Wednesday, November 26, 2014

Breast screening


Every two years, I go to the Breast Screening Remuera centre to get my breast mammogram. I am thankful to get this free screening with is available to women over 45 to 69. In Singapore, I had to pay for this service.

Many women are scared of being screened. For a little pain, it worthwhile to get the peace of mind.

After each screening, I do a blog post to thank the receptionist at the centre, to thank her for friendly disposition. Some women are apprehensive.

I tell my adult students to go for their screening.

Breast screening awareness low amongst Chinese women in NZ

Breast screening awareness low amongst Chinese women in NZ

Chinese women in New Zealand have low levels of awareness about the national breast screening programme and limited engagement with preventative primary care services, according to research published in the June edition of the Journal of Primary Health Care.
The study is one of the first attempts to identify factors affecting the understanding of, and access to, breast screening and breast cancer services by Chinese women. Breast cancer is the most prevalent female cancer in New Zealand and currently accounts for more than a quarter of all cancer diagnoses in women, and although Asian women in New Zealand have a lower rate of breast cancer registrations than the New Zealand population as a whole, they also have a lower uptake of mammography screening at 57 percent versus 69 percent.
The study found that while primary care providers are obvious sources of information about breast screening, not all migrant women are registered with a GP, and the preventive role of primary care providers is not well recognised.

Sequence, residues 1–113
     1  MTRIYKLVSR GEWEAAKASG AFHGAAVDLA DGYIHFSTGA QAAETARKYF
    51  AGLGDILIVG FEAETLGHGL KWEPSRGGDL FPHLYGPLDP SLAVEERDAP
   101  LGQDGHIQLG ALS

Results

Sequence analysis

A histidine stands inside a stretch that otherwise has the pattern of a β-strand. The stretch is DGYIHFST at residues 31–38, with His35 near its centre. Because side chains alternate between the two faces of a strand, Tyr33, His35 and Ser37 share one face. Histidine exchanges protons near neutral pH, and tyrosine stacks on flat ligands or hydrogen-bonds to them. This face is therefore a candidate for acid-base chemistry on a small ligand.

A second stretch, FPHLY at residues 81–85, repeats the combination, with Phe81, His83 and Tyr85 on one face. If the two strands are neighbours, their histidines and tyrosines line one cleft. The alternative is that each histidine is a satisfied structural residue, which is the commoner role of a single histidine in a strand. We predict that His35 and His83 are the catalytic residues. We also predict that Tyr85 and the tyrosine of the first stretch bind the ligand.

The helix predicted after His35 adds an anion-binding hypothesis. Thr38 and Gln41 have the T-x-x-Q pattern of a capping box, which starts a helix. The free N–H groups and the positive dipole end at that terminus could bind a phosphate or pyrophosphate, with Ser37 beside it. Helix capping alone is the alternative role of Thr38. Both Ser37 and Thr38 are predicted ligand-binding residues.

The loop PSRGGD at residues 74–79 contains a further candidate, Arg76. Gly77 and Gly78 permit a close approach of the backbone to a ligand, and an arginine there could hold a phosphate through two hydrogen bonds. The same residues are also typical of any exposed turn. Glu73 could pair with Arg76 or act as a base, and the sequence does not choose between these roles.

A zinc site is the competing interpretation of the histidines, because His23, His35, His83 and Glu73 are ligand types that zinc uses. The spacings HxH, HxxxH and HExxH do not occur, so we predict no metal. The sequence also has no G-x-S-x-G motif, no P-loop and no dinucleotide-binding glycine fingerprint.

Communication was repeatedly raised as the key issue when seeing a doctor in New Zealand, as was a limited understanding about Chinese perceptions of ill health and traditional Chinese medicine by New Zealand health professionals. A Chinese-speaking GP was preferred by most participants if available, not just for the language, but also for a ‘shared philosophy’ in relation to health.
The research has found that addressing communication barriers for Chinese migrant women has the potential to raise awareness about breast cancer and breast health, and to increase successful participation in breast cancer screening. The study recommends that health professionals working in primary and secondary care services make greater use of Chinese-language resources to assist migrant Chinese women to engage with and understand the role of primary care providers. The study also calls for a better understanding about Chinese perceptions of ill-heath, including complementary use of traditional Chinese medicine.
The research paper, called ‘Breast cancer and breast screening: perceptions of Chinese migrant women living in New Zealand’, has been published in the June issue of the Journal of Primary Health Care, which is on the Royal New Zealand College of General Practitioners’ website at:

No comments:

Post a Comment